40 Years Ago, Doctors Vaccinated a Group of Children in Africa. Then Something “Incredible” Happened.

“Your immune system is so smart—it’s just like a brain.”

Wenting Li

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In 1979, Danish anthropologist Peter Aaby, in his mid-30s, was studying malnutrition in the small West African country of Guinea-Bissau when the outbreak hit—a measles epidemic of horrific proportions. At least 20 percent of children under 5 years old who got measles that year would die. He and his colleagues began vaccinating, hoping to save the remaining healthy children.

His team’s effort would lead to a remarkable discovery: The vaccinated children, about 1,500 of them, didn’t die—not from measles or any other condition. In a year, the kids’ mortality rate for all causes declined threefold compared to unvaccinated children. “This is strange,” he began to think. “Something incredible happened here.”

Decades of research and hundreds of studies later, Aaby and a growing community of scientists now hypothesize that some vaccines may help children fight more illnesses beyond the “target” infection. “Your immune system is so smart—it’s just like a brain,” explains Christine Stabell Benn, a professor of global health at the University of Southern Denmark, and Aaby’s partner both in life and in research. “It learns something from the event [of getting a vaccine] that it can use in other situations.” The pair have observed this knock-on effect in children in Guinea-­Bissau who’ve gotten vaccines for tuberculosis (BCG), smallpox, and polio.

Other research has detected similar results, called “nonspecific effects.” In a 2015 meta-study, researchers analyzed hundreds of thousands of hospitalizations in Spain that occurred between 1992 and 2011 and found that 10- to 14-year-olds who had received the BCG vaccine at birth saw nearly 70 percent fewer hospital visits due to non-tuberculosis infections than those who had not. In 2018, a study of more than 3,000 hospitalized adults in New Zealand showed that having previously gotten the flu shot decreased the severity of illness and hospitalization time for people who ultimately contracted the flu—even for strains they hadn’t been protected against. The average vaccinated patient, the study found, spent four fewer days in the ICU for flu-related infections than their unvaccinated counterparts. (The flu vaccine also reduces your risk of hospitalization in the first place.) And in 2019, a small study led by researchers in England suggested that the typhoid vaccine, made with a weakened form of salmonella, might also help combat the flu by giving the immune system a “boost” to fight other pathogens.

The exact mechanisms behind these unintended positive effects aren’t fully understood. One clue is that the vaccines that show off-target benefits are in most cases “live,” meaning they contain an active version of a pathogen in a weakened state. (Most flu shots given in the United States are not live.) In 2012, researchers published a landmark study that revealed how some nonspecific effects might work. As Mihai Netea, a professor at Radboud University in the Netherlands and an author of the study, describes it, when you receive a live vaccine for a disease, certain cells in your body “bookmark” in their DNA the instructions for fighting it. Next time you encounter the pathogen, or one like it, “they know exactly where to open the book,” he says.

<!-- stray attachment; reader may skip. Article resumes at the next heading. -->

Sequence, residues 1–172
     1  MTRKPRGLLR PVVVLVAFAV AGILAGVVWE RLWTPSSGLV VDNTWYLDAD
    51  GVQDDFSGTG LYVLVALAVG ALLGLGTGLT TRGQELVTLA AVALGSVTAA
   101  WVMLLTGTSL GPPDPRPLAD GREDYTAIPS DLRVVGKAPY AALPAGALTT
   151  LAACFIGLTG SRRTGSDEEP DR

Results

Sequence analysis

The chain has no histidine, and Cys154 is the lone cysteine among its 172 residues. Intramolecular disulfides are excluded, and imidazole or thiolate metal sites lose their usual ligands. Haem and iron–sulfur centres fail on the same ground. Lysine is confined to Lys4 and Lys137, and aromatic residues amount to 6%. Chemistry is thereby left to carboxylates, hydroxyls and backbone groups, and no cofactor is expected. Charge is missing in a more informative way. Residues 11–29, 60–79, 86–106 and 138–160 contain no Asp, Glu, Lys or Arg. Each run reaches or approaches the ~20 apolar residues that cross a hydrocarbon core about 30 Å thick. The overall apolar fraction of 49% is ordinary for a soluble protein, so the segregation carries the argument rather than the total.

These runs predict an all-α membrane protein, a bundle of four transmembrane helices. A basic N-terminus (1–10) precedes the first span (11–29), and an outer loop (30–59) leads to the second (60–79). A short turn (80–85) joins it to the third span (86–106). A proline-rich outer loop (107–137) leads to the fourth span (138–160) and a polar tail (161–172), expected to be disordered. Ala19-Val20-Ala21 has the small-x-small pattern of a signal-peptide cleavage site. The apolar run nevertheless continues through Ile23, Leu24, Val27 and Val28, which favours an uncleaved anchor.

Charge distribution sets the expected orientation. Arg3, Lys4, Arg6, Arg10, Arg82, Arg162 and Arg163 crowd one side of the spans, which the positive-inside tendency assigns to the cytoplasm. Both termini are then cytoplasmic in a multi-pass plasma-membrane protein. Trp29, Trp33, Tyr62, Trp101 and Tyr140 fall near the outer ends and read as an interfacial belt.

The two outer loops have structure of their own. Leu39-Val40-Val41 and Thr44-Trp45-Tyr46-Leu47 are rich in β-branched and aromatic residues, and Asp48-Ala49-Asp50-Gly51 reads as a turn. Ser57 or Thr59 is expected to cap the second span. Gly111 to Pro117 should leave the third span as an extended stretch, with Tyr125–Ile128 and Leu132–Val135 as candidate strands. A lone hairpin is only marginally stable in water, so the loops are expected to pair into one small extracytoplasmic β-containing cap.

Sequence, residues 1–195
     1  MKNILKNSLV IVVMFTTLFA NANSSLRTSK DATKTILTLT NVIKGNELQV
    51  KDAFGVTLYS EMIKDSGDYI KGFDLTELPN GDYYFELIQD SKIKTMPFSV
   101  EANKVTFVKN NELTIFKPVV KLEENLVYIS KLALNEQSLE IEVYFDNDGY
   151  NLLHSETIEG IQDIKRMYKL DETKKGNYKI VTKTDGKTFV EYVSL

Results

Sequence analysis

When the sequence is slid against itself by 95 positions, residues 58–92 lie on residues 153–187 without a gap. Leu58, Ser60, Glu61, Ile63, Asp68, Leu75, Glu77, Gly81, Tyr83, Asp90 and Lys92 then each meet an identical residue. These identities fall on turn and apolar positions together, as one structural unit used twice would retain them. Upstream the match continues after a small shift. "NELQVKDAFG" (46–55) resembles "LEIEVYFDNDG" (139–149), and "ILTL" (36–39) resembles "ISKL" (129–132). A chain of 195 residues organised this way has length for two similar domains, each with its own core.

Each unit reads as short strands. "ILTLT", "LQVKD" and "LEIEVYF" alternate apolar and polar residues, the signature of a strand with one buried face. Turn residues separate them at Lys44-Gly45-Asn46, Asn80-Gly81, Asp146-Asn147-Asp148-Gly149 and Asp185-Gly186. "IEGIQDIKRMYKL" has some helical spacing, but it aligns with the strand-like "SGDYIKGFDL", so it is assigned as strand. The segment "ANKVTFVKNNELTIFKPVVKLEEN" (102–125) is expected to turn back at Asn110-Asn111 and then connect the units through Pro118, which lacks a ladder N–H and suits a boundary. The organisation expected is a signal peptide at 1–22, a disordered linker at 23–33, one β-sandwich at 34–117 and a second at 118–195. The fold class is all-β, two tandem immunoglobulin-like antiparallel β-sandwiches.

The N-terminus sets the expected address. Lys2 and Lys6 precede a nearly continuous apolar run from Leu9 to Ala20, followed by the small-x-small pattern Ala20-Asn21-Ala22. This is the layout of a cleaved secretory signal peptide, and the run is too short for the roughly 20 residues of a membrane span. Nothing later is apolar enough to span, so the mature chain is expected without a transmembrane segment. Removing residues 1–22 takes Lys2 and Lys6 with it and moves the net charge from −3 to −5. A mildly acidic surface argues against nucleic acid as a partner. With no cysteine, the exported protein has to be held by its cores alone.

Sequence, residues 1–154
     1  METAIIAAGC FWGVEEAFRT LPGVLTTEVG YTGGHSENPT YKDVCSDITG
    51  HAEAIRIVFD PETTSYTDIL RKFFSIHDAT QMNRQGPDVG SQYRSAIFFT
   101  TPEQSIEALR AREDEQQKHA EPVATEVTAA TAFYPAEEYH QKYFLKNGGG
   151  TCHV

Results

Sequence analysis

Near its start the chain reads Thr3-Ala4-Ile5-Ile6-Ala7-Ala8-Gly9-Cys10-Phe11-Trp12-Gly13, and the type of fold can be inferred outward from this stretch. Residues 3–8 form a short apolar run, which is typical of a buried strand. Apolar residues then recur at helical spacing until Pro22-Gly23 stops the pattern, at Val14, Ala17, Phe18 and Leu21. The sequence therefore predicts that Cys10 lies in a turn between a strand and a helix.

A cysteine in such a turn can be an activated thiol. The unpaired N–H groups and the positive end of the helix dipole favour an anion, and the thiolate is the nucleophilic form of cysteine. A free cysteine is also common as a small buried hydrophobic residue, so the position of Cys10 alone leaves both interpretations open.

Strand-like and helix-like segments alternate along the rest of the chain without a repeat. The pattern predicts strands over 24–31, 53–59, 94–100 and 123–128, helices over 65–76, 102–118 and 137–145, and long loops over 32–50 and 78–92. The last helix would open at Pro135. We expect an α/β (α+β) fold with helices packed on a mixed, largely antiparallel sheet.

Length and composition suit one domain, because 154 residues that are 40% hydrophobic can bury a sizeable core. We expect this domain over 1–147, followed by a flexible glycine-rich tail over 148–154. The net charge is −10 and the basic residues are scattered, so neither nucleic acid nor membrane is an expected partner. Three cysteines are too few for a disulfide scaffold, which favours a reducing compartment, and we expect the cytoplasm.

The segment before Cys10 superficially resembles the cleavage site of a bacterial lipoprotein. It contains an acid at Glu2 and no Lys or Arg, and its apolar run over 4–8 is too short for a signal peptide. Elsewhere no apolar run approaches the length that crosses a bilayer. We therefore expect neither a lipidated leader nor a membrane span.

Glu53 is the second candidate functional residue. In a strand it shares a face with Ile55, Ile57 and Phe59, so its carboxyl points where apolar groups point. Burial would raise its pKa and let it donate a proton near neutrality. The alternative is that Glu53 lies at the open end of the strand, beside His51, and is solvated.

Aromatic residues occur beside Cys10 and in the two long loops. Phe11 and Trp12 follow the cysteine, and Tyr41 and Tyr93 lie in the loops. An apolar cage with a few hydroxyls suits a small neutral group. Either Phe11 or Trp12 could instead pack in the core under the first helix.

But research on the nonspecific effects of vaccines is controversial—in part because of concerns about the way Aaby and Stabell Benn conducted their initial studies. For example, the children in Guinea-Bissau most likely to receive a measles vaccine, which is administered as early as 12 months of age, were probably healthier to begin with, since parents were unlikely to bring a sick child to receive a live measles vaccine. Other studies by Aaby and Stabell Benn have shown negative outcomes of vaccines: In the developing world, children—especially girls—who receive standard, nonlive vaccines for tetanus and polio are more likely to die from any cause than their unvaccinated peers, according to their research. It’s unclear why—and the evidence is limited.

Stabell Benn believes that switching to a live vaccine could eliminate many of those negative effects. In a 2019 TEDx talk, she argued that a simple change to the World Health Organization vaccination sequence to emphasize live vaccines over nonlive ones could save more than a million children every year in the developing world. While live vaccines do come with some problems—very rarely, they can cause a person to contract a form of the disease that they’re supposed to prevent—she believes the benefits far outweigh the risks. But in 2016, a group of experts commissioned by WHO analyzed existing studies on the nonspecific effects of vaccines and recommended no change in the sequence of live versus nonlive vaccines—­though they noted the data “raise sufficient concerns” and they “strongly recommend further studies.”

While experts admit that no one fully understands how immunizations activate our natural defenses, many scientists are optimistic about the potential of vaccines, especially the live kind. Netea believes they might even be able to “rewire” the immune system to fight all sorts of conditions, including allergies and cancers. Live vaccines may also hold the secret to making current ones more effective. “As I see it,” Stabell Benn says, “we have a wonderful toolbox with the vaccines.”


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